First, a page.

ATLANTIC CITY, N.J. (AP) - It was a simple case of mistaken identity, and it nearly cost a casino $25,000.
New Jersey casino regulators, who had fined the Borgata Hotel Casino & Spa for letting a banned gambler stay overnight, rescinded the penalty Wednesday, admitting that it was the son of reputed mobster Anthony ''Gaspipe'' Casso, not Casso himself, who checked in and played table games at the casino one night in 2003.
It couldn't have been Casso, regulators learned after imposing the fine two months ago: He's doing life in a federal prison.
''We all make mistakes,'' said Casino Control Commission member Michael Fedorko.
The incident stemmed from Casso's status on the commission's ''exclusion list,'' a blacklist of 171 people deemed to be bad influences on Atlantic City casinos and banned from entering them.
Casso, 64, of Brooklyn, N.Y., was a suspected street boss in the Lucchese family organization who was added to the list in 1990. He was captured in 1993 and pleaded guilty to murder and racketeering charges in 1994 after turning government witness and is currently serving a life sentence at the Administrative Maximum Facility in Florence, Colo.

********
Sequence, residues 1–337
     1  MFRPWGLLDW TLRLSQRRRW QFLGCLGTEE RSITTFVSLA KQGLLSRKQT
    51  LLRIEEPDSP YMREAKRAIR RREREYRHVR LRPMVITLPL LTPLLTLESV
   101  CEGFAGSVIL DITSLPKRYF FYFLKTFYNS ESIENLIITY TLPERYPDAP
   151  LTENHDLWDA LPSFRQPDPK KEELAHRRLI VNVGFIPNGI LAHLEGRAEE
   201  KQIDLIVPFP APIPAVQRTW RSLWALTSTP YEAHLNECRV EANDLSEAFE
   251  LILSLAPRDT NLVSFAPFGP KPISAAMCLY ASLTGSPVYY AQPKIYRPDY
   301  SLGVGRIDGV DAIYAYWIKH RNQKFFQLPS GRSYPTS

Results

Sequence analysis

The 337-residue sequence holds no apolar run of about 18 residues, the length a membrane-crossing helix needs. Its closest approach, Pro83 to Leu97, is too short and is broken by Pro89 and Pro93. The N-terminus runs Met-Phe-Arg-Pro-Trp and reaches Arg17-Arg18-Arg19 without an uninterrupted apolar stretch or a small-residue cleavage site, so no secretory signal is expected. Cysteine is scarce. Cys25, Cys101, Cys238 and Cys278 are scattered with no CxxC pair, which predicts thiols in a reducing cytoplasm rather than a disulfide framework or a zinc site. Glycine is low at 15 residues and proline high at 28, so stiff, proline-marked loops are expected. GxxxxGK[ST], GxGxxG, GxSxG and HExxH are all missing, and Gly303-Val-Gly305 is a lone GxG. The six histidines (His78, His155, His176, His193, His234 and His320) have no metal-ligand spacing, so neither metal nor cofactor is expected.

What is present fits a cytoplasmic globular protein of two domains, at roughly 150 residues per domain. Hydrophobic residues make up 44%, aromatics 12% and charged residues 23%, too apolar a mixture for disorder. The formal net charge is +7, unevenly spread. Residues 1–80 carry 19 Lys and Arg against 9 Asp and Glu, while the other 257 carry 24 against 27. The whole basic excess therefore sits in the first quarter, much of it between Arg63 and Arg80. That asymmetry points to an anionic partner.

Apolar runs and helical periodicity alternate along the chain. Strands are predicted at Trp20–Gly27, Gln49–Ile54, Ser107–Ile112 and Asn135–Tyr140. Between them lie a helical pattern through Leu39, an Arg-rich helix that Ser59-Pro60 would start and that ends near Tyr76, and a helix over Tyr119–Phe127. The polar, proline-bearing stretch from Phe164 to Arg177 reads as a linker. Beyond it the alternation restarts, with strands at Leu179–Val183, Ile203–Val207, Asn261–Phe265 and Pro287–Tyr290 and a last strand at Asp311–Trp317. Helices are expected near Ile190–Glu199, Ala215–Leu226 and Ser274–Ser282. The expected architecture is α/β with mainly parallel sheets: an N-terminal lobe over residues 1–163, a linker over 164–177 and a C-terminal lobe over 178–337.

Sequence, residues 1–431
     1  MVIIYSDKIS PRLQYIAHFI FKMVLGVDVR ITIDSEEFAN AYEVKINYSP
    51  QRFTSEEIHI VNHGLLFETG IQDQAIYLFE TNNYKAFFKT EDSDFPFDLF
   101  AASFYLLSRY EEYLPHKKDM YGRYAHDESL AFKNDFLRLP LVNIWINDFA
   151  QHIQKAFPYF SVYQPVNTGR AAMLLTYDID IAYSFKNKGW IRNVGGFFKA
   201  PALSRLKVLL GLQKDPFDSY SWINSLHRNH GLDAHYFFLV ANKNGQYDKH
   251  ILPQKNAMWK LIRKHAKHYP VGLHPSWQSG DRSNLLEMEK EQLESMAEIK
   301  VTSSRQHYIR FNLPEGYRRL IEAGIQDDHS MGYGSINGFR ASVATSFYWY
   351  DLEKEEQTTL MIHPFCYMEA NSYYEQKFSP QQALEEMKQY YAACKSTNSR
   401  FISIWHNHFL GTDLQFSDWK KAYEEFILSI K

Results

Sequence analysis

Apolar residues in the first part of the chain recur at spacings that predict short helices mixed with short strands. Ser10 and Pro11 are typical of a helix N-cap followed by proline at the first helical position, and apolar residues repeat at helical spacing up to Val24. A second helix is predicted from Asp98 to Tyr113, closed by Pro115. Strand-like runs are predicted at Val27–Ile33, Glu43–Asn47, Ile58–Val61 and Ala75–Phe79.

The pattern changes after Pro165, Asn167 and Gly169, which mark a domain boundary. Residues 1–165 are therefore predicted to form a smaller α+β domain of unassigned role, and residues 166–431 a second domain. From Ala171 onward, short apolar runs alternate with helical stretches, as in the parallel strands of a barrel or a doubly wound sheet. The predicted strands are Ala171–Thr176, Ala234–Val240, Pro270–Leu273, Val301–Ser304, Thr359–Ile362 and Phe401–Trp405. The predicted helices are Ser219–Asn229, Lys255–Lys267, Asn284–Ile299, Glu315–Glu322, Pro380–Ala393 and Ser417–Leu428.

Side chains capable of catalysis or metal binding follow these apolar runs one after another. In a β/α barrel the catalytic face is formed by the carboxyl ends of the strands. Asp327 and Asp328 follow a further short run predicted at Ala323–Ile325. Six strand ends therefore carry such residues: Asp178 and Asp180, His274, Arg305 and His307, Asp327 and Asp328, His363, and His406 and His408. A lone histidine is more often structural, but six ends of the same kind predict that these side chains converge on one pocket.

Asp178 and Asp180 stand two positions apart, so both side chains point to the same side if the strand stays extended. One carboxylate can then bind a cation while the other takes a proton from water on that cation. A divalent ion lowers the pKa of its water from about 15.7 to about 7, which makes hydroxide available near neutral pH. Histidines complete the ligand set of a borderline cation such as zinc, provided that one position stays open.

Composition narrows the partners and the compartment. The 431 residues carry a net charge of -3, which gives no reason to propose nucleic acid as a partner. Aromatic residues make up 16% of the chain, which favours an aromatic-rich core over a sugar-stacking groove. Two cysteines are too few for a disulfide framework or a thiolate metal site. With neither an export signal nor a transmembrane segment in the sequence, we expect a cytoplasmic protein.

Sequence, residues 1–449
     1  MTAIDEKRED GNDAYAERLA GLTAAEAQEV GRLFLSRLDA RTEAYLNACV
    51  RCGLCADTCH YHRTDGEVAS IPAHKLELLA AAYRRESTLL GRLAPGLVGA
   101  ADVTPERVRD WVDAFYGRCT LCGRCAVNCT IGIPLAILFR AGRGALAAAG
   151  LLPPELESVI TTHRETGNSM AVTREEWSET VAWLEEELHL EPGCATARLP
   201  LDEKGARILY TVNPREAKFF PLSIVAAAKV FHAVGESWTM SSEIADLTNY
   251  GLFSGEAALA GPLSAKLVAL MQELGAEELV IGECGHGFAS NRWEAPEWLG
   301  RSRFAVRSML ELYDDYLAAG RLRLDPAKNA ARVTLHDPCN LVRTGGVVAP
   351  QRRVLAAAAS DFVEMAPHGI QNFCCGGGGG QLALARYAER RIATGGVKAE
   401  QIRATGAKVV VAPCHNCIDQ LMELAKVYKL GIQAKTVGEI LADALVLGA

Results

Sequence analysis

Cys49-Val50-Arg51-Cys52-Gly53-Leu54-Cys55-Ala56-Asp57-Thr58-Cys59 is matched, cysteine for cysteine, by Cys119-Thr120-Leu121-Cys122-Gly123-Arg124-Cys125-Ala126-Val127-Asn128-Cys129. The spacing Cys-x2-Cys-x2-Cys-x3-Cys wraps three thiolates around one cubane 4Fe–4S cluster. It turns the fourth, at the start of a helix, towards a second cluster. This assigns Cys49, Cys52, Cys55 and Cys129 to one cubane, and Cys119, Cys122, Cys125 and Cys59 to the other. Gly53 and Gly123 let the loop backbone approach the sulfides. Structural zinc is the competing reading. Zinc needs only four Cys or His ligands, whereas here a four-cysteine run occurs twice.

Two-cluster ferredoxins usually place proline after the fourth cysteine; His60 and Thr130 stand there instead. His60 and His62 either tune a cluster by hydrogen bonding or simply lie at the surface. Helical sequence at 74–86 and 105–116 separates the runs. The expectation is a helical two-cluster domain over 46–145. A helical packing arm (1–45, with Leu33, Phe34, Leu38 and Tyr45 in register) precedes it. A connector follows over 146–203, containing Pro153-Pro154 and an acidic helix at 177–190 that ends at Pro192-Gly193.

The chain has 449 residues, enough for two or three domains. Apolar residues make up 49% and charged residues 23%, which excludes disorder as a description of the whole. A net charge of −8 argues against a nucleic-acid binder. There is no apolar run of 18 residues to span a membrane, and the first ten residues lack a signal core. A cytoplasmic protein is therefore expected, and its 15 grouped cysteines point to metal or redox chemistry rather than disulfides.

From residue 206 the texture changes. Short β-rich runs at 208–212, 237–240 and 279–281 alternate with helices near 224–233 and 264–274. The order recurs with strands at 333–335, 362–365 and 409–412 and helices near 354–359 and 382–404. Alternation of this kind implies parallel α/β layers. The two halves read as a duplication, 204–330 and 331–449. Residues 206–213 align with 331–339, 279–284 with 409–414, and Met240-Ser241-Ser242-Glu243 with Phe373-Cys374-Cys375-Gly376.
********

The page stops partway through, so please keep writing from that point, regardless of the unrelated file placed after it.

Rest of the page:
On Nov. 22, 2003, Casso's son, also named Anthony Casso, called ahead and got a $349-a-night room at the casino. It was ''comped,'' or paid for by the casino, where he spent three hours playing table games.
Eventually, Borgata employees performing a routine check of its computer system found two entries for ''Anthony Casso,'' both with the same address; one had Casso's date of birth and other personal information, the other reflected the casino activity on Nov. 22, 2003.
The two accounts were merged into one by someone at Borgata, and the casino - believing it had allowed the blacklisted Anthony Casso to gamble - reported the violation to the state, according to Deputy Attorney General Charles F. Kimmel, a lawyer representing the Division of Gaming Enforcement.
The Division of Gaming Enforcement negotiated a settlement with Borgata officials and recommended the $25,000 penalty to the Casino Control Commission, which approved it Jan. 19.
But someone at the Division of Gaming Enforcement who was familiar with Casso's background questioned whether it was the same Casso.
That led regulators to uncover the error and recommend rescinding the fine, which was never paid to begin with.
''The system worked,'' said Larry Mullin, executive vice president of the Borgata.
The younger Casso could not be reached for comment Wednesday on the mistake. His telephone number is unlisted.
The elder Casso, who once testified before Congress while sitting behind a screen to shield him from news cameras, made news last week with the arrest of retired New York Police Department detectives Louis Eppolito and Stephen Caracappa.
Prosecutors say the two moonlighted as hit men who kidnapped, killed and engineered the murders of at least eight rivals at Casso's behest.